Malone was honored as the Phil Sloan Award winner (voted on by Fenwick basketball coaches), an annual honor given to the Fenwick basketball player who best exemplifies leadership, selflessness and character.
On Saturday, Barnett wore Malone's Fenwick home jersey while one of Malone's cousins, Jack Walsh, donned an Indiana University number 52 basketball jersey, personally given to Malone's family from IU coach Tom Crean. Malone and Walsh, who also played basketball at Fenwick, graduated together from Fenwick in 2011.
"I didn't know about the [Indiana] jersey until a friend of mine told me about it and that it had been given to my uncle and coach Crean also wrote a letter with the jersey," Walsh said. "I saw the jersey when I got home from summer school. It's pretty cool to see how many people came out [today] in memory of John. He and I were very close. We lived in the same apartment building, hung out together almost every day, and we were also [Acacia] fraternity brothers at IU."
Barnett added: "John's parents asked me if I wanted to wear John's Fenwick jersey at the tournament," Barnett said. "It's an honor to wear it. It's really awesome to see how many people came out for the tournament."
Dan Dwyer, who currently is the starting center for the Friars, happily jumped into the tournament action on short notice.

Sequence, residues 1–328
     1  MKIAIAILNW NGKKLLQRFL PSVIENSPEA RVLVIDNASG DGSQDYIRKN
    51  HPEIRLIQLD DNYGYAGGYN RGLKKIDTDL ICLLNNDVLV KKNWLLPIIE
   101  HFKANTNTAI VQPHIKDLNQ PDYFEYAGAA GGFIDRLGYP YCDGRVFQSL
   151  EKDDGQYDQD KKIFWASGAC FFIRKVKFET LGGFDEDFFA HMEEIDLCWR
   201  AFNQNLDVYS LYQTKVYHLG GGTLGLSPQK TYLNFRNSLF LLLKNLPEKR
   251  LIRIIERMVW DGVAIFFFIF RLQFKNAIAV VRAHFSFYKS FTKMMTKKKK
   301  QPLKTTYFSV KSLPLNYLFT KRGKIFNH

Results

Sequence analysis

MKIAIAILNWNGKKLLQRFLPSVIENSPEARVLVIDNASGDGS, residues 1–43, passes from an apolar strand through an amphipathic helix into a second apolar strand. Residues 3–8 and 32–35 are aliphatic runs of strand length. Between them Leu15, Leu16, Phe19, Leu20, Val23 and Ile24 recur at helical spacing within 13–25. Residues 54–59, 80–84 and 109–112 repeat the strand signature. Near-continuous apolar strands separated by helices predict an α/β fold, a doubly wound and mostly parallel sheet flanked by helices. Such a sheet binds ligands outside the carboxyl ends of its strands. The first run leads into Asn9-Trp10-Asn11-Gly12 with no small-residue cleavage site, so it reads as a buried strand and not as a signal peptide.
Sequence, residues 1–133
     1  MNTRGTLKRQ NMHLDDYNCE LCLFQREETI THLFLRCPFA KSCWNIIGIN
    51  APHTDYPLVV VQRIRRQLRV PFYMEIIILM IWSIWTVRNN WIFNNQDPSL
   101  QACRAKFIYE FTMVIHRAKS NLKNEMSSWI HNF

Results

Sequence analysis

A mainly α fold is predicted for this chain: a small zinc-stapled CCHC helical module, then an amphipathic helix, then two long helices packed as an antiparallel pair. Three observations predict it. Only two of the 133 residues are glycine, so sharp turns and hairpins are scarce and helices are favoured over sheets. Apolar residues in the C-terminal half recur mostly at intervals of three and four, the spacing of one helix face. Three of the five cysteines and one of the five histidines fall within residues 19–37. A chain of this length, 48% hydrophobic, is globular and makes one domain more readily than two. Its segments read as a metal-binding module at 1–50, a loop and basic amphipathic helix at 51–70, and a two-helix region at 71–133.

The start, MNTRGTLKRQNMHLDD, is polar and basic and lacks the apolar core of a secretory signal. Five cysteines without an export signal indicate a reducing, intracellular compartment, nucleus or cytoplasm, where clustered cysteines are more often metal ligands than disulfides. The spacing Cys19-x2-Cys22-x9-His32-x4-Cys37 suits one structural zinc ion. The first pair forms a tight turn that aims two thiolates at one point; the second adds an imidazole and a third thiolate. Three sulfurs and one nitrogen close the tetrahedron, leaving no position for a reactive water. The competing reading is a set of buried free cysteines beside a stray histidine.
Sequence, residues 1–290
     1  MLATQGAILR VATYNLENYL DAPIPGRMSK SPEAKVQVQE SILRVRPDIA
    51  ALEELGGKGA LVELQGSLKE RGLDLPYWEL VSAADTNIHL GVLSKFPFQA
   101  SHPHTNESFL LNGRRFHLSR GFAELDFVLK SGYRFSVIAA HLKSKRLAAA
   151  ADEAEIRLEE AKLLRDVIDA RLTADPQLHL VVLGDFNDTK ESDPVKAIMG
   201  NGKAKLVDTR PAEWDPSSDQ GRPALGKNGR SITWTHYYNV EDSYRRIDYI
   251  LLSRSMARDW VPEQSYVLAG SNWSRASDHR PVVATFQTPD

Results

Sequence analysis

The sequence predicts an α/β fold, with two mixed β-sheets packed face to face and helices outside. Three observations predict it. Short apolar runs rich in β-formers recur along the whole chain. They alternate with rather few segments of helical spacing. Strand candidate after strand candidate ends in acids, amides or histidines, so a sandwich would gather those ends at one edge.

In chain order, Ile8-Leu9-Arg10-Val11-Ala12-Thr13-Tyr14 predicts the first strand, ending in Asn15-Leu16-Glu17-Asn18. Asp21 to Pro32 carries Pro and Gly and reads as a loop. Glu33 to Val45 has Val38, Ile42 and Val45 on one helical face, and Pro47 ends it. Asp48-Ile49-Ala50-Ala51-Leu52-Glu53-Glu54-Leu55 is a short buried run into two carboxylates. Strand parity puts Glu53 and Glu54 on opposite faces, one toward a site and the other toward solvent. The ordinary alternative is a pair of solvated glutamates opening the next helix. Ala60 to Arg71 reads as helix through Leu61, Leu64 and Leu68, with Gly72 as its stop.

"I got picked up on a team the night before the tournament," the 6-8 Dwyer said. "John was very good friends with my older brother [Joe Dwyer] so I knew him pretty well. This tournament is a really cool way to remember John."
After Thies welcomed the tournament players, the school president Fr. Richard A. Peddicord led everyone in prayer. Then, the tournament commenced followed by lunch at Goldyburgers in Forest Park.
Saturday's celebration in memory of Malone reinforced Fenwick's communal feel. It's been an arduous year for the Oak Park high school. Twenty-five-year-old Anne Smedinghoff, another Fenwick alumna, was killed in a car bomb blast in southern Afghanistan while serving as a U.S. diplomat this year. She was working as a press officer in the U.S. embassy in Kabul.
"We really value a sense of community at Fenwick," Peddicord said. "Watching the way people have looked out for each other during difficult times like the loss Anne and John is truly inspiring. The basketball tournament in John's memory [today] is a wonderful example of our community praying together and playing together."
The proceeds from the First Annual John Malone Memorial Basketball Tournament will go towards scholarship funds in his name at Fenwick. The John J. Malone 52 fund will include three annual scholarships of $3,000 each.
A golf outing and other ways of remembering Malone remain possibilities.
Thies shared a particularly close relationship with Malone.
"I coached John in freshmen football and sophomore basketball," Thies said, "so I knew him a lot better than some of the other kids. We worked out at the same gym, FFC in Oak Park. He took basketball very seriously, but he also was very funny and personable."
After a reflective pause, Thies added: "John was just one of those guys everybody loved being around."